Dublin woman facing her fourth battle with cancer has been offered life-saving treatment in the US
Nurse Ciara Barry, 36, was diagnosed with a terminal version of blood cancer – high-risk myelodysplastic syndrome – in January last year as she prepared to celebrate her 10th birthday without cancer.
Ciara said: “The first time I would have had it was when I was 13. I was treated at Crumlin Children’s Hospital for Hodgkin’s Lymphoma and had my chemo and surgeries there. I got the green light but a year later everything came back. So that meant more chemo, radiation and this time I had a bone marrow transplant.
“Unfortunately, this cancer is linked to too many treatments. The toxicity of all the treatments triggered this and in January they told me I had 18 months to live.
“I was preparing for another bone marrow, but the treatments I was supposed to do before did not work and the operation was cancelled. They told me to just manage my symptoms and enjoy what time I had left.
But the popular nurse refused to accept the death sentence and set out to seek treatment on board.
The Dublin native said: “I think they underestimated how stubborn I was. I had the whole family on a Google doc and we were all contacting haematologists around the world to find a cure for this .
Ciara wanted to fight for her future like she had three times before, but this time there was an additional reason.
“The week I found out about my diagnosis was the same week I started IVF treatment. We had been saving for a few years and I had been tested on my suitability for carrying a baby.
“I was focused on passing these tests and proving that I was capable of bearing a child.
Most read in The Irish Sun
“So when the consultant told me the cancer was there, I said I had embryos that were in a lab being created, I was getting daily updates about them. But she m said I had to cancel it.
“I asked, ‘what will it be in a year when the treatment is finished?’
“But they said I had to put it aside, and then I realized how serious it was.
“What was devastating was that I got a call a day or two later saying the embryos had survived, to pick up my medication from the pharmacy and that I would be ready to implant in a week, and I had to tell them, ‘I have cancer.'”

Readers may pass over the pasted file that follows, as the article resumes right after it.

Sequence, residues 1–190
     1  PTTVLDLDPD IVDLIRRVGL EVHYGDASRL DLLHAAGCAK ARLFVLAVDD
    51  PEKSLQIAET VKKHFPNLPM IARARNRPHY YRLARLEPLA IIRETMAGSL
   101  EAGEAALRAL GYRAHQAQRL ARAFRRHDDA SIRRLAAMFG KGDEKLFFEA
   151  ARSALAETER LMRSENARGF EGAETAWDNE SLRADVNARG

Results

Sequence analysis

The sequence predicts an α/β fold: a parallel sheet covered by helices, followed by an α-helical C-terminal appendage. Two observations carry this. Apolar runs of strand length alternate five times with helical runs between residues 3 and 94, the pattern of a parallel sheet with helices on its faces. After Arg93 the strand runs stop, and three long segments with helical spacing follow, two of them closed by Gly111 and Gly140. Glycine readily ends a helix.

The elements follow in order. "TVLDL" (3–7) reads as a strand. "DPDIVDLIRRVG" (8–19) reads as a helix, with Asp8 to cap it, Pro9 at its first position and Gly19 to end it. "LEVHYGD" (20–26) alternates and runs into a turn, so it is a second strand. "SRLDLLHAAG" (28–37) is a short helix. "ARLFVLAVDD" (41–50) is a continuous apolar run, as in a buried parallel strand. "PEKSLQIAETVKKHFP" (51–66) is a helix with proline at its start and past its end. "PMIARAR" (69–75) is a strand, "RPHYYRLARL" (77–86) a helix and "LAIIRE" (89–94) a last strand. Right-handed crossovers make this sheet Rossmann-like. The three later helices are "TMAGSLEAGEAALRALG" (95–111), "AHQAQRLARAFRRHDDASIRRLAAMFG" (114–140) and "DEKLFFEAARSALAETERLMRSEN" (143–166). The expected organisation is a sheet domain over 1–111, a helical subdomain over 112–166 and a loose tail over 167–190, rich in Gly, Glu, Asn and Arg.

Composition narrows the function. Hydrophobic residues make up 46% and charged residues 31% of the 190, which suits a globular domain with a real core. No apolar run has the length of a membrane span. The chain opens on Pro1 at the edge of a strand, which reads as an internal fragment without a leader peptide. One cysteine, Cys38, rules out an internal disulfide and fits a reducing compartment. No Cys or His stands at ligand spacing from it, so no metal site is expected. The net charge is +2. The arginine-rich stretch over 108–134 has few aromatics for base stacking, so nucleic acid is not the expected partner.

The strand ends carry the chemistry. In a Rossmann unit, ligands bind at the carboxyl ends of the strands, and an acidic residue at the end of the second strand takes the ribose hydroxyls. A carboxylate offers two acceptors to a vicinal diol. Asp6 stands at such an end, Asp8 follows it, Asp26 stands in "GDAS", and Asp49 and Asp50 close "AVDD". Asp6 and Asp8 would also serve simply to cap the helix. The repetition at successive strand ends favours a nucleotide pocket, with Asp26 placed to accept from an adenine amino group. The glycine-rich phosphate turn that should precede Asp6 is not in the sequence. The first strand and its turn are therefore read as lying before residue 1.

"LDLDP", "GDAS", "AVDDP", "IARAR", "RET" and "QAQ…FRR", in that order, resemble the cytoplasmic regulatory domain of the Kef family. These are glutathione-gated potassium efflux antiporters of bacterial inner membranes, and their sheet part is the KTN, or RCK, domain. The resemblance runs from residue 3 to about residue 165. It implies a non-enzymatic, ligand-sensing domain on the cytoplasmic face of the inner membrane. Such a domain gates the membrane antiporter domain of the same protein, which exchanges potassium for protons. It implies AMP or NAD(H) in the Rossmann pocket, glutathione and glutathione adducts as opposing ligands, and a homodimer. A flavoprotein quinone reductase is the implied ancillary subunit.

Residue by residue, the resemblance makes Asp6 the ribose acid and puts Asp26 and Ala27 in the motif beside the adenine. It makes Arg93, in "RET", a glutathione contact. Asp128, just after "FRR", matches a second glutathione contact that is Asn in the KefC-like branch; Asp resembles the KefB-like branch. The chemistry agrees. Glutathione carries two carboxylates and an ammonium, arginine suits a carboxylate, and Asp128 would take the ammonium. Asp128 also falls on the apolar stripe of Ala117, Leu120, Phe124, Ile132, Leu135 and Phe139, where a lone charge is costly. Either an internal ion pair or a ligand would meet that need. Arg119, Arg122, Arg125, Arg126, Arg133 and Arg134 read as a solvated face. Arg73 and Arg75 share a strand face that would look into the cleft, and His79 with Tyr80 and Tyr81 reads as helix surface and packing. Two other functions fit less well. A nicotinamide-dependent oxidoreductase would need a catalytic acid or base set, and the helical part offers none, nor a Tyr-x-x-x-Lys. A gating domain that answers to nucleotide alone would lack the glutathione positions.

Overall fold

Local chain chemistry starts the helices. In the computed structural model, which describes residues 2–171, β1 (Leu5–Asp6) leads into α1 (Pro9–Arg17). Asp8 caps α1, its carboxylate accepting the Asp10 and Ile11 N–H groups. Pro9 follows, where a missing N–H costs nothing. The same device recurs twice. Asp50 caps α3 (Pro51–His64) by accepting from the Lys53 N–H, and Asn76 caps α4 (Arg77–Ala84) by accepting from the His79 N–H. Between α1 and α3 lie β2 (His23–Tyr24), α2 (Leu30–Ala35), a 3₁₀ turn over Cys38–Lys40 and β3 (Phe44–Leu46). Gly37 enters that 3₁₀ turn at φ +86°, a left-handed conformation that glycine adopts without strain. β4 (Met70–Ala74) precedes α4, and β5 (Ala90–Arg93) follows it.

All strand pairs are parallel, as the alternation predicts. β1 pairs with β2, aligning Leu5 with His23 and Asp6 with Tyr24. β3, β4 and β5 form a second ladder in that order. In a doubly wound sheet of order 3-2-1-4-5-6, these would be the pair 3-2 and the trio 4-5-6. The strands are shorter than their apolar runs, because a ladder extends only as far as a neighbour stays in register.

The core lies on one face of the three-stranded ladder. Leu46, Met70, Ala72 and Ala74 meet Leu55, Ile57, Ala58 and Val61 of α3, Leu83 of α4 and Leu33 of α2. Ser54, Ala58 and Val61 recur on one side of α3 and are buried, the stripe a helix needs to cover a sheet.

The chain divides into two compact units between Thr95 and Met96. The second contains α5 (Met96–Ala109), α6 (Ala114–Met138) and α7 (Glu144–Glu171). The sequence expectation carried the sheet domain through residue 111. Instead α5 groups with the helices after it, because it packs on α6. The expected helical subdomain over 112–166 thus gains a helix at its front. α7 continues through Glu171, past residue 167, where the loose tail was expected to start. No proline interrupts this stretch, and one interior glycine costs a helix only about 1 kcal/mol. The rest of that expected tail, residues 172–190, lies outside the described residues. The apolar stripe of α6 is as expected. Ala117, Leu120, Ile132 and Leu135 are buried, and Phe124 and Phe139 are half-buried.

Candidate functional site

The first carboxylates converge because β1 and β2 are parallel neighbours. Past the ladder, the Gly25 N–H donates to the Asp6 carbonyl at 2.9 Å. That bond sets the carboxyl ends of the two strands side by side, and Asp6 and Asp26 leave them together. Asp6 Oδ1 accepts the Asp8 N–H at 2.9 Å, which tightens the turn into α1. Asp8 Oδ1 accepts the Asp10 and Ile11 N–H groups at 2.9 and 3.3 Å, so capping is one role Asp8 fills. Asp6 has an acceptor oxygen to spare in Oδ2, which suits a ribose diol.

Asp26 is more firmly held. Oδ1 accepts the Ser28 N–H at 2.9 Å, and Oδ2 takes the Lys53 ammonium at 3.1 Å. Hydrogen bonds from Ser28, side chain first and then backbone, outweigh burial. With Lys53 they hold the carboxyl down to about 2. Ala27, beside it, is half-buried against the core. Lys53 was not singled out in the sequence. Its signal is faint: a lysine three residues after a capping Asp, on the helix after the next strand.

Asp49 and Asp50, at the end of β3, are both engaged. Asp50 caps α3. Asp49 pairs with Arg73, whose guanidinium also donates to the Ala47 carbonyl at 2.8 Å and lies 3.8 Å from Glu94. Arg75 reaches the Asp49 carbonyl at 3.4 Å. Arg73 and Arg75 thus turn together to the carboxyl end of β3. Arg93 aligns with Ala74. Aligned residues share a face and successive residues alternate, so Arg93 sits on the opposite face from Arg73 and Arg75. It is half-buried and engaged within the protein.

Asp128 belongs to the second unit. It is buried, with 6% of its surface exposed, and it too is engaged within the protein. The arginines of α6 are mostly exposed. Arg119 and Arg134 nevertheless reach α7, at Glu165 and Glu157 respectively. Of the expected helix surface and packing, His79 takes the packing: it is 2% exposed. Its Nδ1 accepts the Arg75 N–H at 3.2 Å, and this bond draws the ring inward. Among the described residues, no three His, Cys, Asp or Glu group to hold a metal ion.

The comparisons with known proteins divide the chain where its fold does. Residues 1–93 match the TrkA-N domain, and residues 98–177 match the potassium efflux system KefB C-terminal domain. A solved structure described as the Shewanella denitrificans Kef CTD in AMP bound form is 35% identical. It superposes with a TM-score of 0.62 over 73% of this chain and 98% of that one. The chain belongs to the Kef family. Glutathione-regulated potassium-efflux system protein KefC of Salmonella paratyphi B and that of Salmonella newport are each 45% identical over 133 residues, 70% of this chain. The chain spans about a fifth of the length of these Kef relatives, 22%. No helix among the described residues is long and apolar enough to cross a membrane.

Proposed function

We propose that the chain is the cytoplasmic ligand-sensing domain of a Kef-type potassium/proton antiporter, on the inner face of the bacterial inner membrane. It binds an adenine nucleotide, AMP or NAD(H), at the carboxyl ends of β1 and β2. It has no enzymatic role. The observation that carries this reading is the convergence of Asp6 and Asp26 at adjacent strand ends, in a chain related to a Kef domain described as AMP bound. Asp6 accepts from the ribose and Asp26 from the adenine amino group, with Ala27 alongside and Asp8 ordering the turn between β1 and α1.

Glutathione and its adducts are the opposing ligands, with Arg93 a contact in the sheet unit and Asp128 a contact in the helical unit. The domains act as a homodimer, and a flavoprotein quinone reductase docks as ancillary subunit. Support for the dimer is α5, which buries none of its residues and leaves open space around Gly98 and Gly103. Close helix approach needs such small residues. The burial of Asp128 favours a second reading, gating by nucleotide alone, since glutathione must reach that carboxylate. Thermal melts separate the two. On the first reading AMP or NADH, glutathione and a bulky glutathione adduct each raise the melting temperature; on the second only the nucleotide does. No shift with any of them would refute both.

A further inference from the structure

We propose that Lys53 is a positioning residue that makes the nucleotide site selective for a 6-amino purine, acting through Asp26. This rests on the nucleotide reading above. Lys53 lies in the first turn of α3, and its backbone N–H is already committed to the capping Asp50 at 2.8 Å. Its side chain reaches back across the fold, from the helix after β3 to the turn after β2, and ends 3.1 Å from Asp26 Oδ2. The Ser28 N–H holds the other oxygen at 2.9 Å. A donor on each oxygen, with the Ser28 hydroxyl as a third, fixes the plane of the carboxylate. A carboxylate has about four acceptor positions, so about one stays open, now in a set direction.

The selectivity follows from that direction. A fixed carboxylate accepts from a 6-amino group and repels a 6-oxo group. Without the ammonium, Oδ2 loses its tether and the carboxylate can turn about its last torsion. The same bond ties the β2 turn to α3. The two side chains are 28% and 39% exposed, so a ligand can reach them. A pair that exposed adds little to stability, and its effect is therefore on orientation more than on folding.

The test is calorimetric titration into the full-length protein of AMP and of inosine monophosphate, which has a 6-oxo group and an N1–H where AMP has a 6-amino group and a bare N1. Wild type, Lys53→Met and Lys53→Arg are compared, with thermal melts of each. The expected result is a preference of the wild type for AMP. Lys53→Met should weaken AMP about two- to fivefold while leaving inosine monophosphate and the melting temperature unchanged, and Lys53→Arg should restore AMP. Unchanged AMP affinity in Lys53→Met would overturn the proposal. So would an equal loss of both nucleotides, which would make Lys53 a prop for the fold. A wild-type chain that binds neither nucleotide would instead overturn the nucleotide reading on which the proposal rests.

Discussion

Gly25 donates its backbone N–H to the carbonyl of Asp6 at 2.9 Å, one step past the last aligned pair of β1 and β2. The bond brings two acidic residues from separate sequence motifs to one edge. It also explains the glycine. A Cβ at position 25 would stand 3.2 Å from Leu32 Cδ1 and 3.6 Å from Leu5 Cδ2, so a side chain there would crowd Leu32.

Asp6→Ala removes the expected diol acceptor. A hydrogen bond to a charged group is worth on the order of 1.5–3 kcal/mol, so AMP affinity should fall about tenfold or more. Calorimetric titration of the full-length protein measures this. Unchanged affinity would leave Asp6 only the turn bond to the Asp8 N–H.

She added: “I told my husband Paddy jokingly a long time ago that we should have had our vows like ‘in sickness and in sickness’. He was there when I was sick for the third time , so he’s been through this before, but this time it really shook us all up.
“Covid has made it very difficult and I’ve had to call people and tell them on the phone or on WhatsApp, and that’s not the best way to tell someone you’re dying.
“I want more time with him and my nieces and nephews.”
After emailing specialists around the world, Ciara found a clinical trial in America that accepted her, but the cost of treatment, accommodation and everything else is around 500,000. €.
She will fly to Moffitt Cancer Center in Tampa, Fla., in May and treatment, CAR T-Cell Therapy, will begin June 1.
The GoFundMe the family set up has already reached over €222.00 of its €500,000 goal, with supporters like neighbor Dubs star Michael Darragh McAuley, comedian Emma Doran and the Coronas supporting him. all share.
Myelodysplastic syndromes are a rare type of blood cancer, often called bone marrow failure.
MDS can occur when hematopoietic cells in the bone marrow become abnormal.
Treatments include chemotherapy or a stem cell transplant from a donor
But Ciara’s biggest thank you is for everyone who donates.
“It was the luck of the Irish, I think they gave me a place.
“They told me to prepare for a very expensive stay because as we are Irish we don’t have insurance so we have to pay for everything – every blood test.
“Sometimes I get a little worried about the amount of money and all these people giving their money away and my husband is like, ‘You’re invaluable, don’t worry about that.
“He’ll forget that when I get better and forget to do the laundry.”
TO STAY POSITIVE
She insists on keeping a positive attitude and says she feels like the “luckiest and unluckiest person”.
She told the Irish Sun: “I guess in a way I’m conditioned to get these terrible diagnoses, so I think I accept it a little easier. I see it as a way of life.
“I’ve always looked over my shoulder and the Grim Reaper is never too far away, something could always trigger again.”
She added: “But the hospital staff always told me that my glass was very full, and I think I’ve been given so many chances in life, why don’t I go out and I learned lessons so young, I’ve been to more teenage funerals than teenage discos, and you take those friends with you, you gotta enjoy life for them…
“Also with nursing you are always looking after someone who is not yourself, so I try not to be angry. I regret nothing.
“I lost almost ten years after the last treatment and what can you do? I am the luckiest and the unluckiest person.
“I’m very unlucky but I had so many positives. Look at this trial, there were only 88 people accepted and I’m one of them. I have everyone behind me and I think my luck turns for the fourth time.